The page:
France, Egypt leaders meet amid concerns over extremism
PARIS (AP) — French President Emmanuel Macron offered his support Tuesday to Egyptian counterpart Abdel-Fattah el-Sissi in the fight against terrorism, but said that needs to be led with respect to human rights.
Macron and el-Sissi met for over two hours at the presidential Elysee Palace in Paris.
In a joint news conference, Macron said “our first common combat is the fight against terrorism ... France is standing by Egypt’s side because the security of this friendly country is also our own security.”
French authorities see Egypt as a key country in efforts to stabilize the troubled region. Both leaders have discussed at length the crisis in Libya, Egypt’s chaotic North African neighbor, and the war in Syria.
Macron urged el-Sissi to lead Egypt on an “indispensable democratic path.” He said a dynamic civil society and a diverse non-governmental group network must act as “shields against the terrorists’ killing frenzy.”
Yet Macron also said he wouldn’t “give lessons” to other countries about their domestic policies.
A diplomatic official at the French presidency said Macron specifically evoked the cases of 15 human right activists and journalists, all Egyptians, during his talks with el-Sissi. The official was speaking anonymously because of the sensitive nature of the talks.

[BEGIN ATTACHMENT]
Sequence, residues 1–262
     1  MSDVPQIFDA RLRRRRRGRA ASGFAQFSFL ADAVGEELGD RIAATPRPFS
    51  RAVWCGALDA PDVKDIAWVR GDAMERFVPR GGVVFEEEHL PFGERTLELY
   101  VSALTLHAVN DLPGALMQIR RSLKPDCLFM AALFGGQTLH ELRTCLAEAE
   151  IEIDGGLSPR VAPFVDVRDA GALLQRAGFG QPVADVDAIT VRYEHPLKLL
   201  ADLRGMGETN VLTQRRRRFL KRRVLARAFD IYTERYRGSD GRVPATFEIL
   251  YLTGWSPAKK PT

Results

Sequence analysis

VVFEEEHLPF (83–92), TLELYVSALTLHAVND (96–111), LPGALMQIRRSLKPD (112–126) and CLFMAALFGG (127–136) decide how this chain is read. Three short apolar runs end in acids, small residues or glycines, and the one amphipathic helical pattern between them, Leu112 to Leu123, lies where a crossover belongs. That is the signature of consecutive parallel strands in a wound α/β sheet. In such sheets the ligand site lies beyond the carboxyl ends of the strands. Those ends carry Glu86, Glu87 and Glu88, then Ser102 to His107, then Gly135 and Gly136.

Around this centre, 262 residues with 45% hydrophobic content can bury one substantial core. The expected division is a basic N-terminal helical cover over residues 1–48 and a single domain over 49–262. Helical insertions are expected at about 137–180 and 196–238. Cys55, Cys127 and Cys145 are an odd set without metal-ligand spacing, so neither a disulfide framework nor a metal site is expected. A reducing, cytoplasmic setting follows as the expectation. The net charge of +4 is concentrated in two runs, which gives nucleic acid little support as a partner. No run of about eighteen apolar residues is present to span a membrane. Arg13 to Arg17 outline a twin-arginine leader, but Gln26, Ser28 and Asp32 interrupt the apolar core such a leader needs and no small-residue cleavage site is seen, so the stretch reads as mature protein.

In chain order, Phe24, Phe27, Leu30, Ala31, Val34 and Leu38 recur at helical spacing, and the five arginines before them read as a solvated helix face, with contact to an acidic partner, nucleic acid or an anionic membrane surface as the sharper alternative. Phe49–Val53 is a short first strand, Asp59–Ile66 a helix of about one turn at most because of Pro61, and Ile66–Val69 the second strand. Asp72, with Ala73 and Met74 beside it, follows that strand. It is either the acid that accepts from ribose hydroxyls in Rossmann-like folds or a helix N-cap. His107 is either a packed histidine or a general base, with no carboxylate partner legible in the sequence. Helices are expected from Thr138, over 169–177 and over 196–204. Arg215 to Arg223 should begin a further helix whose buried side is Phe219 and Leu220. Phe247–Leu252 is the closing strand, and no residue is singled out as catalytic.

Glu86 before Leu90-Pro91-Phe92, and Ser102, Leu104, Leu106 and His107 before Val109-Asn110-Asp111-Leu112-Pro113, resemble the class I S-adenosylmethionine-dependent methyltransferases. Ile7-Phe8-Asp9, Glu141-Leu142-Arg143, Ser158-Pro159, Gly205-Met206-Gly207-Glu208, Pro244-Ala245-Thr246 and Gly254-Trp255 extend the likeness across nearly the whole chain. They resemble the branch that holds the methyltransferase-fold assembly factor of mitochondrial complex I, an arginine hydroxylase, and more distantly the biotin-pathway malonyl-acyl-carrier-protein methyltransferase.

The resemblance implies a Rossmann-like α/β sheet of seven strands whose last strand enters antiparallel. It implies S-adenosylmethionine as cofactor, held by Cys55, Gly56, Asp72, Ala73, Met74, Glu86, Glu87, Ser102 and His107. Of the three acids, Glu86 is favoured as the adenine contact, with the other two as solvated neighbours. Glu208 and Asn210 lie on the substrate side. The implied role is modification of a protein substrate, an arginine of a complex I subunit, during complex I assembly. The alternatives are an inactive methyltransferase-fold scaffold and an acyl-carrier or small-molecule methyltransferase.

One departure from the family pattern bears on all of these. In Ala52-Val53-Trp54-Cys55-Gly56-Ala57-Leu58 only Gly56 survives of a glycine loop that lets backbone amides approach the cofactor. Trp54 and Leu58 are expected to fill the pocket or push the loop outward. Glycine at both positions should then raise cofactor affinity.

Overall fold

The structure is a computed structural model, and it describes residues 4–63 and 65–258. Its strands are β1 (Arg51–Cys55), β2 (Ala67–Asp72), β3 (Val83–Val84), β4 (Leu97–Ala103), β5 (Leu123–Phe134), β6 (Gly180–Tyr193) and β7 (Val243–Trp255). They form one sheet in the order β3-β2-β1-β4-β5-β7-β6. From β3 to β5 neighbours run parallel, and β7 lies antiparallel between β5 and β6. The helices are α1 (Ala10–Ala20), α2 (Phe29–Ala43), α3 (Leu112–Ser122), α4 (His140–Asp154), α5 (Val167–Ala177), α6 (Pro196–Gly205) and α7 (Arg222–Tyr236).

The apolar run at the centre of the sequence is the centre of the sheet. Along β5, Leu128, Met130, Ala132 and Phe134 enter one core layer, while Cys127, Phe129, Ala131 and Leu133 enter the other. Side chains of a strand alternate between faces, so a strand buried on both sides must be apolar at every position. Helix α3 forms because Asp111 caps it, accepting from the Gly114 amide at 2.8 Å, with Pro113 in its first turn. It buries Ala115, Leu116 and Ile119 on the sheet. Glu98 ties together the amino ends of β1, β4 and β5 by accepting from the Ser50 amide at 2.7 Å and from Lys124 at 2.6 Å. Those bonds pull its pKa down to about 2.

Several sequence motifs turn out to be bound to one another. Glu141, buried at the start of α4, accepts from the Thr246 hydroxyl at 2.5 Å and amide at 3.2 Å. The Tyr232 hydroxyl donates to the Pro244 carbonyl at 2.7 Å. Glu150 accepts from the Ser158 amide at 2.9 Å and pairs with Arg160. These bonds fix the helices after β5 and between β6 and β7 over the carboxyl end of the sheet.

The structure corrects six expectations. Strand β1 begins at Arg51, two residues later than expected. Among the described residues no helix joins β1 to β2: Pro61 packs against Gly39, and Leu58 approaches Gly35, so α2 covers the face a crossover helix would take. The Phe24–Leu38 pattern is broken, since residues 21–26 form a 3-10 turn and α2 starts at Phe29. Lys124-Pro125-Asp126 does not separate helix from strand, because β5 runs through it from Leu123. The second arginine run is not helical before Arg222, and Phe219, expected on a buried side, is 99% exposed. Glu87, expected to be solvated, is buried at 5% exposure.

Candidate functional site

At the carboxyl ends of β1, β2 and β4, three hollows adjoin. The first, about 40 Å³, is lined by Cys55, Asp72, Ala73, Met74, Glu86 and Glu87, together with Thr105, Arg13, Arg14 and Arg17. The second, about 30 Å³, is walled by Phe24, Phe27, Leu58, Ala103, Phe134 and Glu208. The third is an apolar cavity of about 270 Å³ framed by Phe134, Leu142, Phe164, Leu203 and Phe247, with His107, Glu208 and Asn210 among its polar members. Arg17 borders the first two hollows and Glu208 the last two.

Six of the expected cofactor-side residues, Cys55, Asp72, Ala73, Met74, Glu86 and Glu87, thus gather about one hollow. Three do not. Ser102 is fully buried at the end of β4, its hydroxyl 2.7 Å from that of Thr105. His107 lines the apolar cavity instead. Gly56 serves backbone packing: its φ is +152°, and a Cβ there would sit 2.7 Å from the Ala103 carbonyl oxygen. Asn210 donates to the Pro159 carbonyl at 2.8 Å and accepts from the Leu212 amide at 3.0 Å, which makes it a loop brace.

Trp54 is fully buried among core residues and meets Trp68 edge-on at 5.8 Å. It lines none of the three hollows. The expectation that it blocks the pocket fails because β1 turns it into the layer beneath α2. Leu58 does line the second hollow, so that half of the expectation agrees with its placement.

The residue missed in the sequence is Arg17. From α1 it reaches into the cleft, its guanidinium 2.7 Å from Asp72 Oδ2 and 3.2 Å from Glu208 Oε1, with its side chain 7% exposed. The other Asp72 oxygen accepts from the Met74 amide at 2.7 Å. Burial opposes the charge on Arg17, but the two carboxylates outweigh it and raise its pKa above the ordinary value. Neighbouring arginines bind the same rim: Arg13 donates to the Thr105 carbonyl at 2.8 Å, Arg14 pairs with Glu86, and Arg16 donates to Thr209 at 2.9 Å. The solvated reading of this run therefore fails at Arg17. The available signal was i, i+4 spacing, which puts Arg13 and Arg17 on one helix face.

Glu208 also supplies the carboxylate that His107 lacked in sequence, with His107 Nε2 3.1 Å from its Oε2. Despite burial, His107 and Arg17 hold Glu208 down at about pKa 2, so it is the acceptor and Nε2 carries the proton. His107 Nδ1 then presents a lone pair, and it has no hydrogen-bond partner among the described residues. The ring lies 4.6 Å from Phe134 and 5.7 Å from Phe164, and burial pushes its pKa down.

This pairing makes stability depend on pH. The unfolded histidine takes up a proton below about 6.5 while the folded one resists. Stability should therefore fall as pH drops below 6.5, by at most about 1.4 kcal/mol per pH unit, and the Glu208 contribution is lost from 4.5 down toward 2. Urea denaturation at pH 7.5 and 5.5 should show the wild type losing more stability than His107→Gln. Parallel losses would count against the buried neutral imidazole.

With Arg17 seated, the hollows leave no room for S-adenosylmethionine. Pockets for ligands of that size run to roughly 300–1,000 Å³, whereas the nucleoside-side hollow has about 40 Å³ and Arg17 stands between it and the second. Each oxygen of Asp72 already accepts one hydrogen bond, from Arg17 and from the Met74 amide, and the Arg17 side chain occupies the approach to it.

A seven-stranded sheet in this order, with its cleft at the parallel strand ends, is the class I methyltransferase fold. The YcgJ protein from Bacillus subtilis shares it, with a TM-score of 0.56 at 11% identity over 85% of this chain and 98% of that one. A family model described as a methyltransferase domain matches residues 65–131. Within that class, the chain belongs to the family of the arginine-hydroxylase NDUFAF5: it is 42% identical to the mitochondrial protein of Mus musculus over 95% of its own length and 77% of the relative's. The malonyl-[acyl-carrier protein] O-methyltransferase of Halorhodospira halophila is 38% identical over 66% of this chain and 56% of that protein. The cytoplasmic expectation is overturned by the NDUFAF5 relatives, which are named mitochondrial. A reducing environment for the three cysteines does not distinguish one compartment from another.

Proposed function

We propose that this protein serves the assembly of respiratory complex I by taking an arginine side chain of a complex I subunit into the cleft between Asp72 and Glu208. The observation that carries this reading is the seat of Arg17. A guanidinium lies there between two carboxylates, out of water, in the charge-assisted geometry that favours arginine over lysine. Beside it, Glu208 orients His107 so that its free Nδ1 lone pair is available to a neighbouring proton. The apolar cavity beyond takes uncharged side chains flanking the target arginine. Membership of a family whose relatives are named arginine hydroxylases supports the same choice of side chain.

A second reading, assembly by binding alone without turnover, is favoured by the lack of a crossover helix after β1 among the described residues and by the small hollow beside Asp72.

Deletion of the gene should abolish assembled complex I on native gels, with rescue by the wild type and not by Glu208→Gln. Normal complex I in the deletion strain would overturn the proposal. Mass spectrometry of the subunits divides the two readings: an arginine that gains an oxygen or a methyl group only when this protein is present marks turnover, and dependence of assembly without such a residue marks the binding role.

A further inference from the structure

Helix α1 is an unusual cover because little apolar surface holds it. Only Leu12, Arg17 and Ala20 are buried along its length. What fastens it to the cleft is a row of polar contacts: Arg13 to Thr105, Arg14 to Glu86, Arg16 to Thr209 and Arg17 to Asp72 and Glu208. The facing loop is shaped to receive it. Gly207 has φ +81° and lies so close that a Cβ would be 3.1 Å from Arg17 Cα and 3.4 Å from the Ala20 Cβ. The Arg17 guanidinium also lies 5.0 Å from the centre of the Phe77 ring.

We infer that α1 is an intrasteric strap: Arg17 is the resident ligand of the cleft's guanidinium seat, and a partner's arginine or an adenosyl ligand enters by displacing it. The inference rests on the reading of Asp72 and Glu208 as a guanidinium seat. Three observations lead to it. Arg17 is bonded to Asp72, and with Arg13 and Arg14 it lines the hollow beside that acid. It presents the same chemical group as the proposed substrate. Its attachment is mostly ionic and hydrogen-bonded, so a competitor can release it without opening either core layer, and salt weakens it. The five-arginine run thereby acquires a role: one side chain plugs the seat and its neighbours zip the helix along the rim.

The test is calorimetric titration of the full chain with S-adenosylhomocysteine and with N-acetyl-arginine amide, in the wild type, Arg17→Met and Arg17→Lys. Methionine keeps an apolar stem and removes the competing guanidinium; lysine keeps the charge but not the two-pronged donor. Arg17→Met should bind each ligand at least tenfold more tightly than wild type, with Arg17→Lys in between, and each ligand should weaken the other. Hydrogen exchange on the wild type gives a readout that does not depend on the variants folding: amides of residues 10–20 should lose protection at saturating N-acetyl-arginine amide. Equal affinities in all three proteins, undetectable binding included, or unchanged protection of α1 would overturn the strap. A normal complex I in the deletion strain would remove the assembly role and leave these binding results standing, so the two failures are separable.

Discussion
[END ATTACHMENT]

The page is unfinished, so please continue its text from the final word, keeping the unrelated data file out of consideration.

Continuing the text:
El-Sissi has presided over a large-scale crackdown on dissent. Egyptian authorities have jailed several human rights activists and banned others from travel over allegations of harming national security.
El-Sissi said he is “convinced” that Tuesday’s meeting is a new starting point to “strengthen cooperation between our two countries.”
Answering a question about human rights abuses, El-Sissi denied that Egyptian security forces used torture and said human rights issues should be set in the broader context of a troubled region with the risk of Islamic extremism.
He pledged to establish a “democratic, modern government in Egypt” but said the troubles in the region and the growing Islamic extremism must be taken into account.
The comments came a few days after least 16 police were killed in an ambush by militants southwest of Cairo.
Egypt has been struggling to contain an Islamic militant insurgency led by a local affiliate of the Islamic State group mostly in the northern part of the Sinai Peninsula. Attacks elsewhere in Egypt have recently increased.
Media rights group Reporters Without Borders displayed a banner reading “Save Egyptian journalists” and portraits of jailed reporters in front of the Luxor obelisk in Paris’ city center.
“Press freedom is violated every day in Egypt ... It is impossible today to be an independent and free journalist” in the country, said Christophe Deloire, head of Reporters Without Borders.
El-Sissi was also to meet France’s prime minister and foreign minister Tuesday evening, then finance minister and French business leaders Wednesday as part of his three-day official visit.
Egypt has concluded several arms deals with France since 2015, including the purchase of two French-made Mistral-class helicopter carriers, 24 French Rafale warplanes and missiles.
Nicolas Garriga in Paris contributed to the story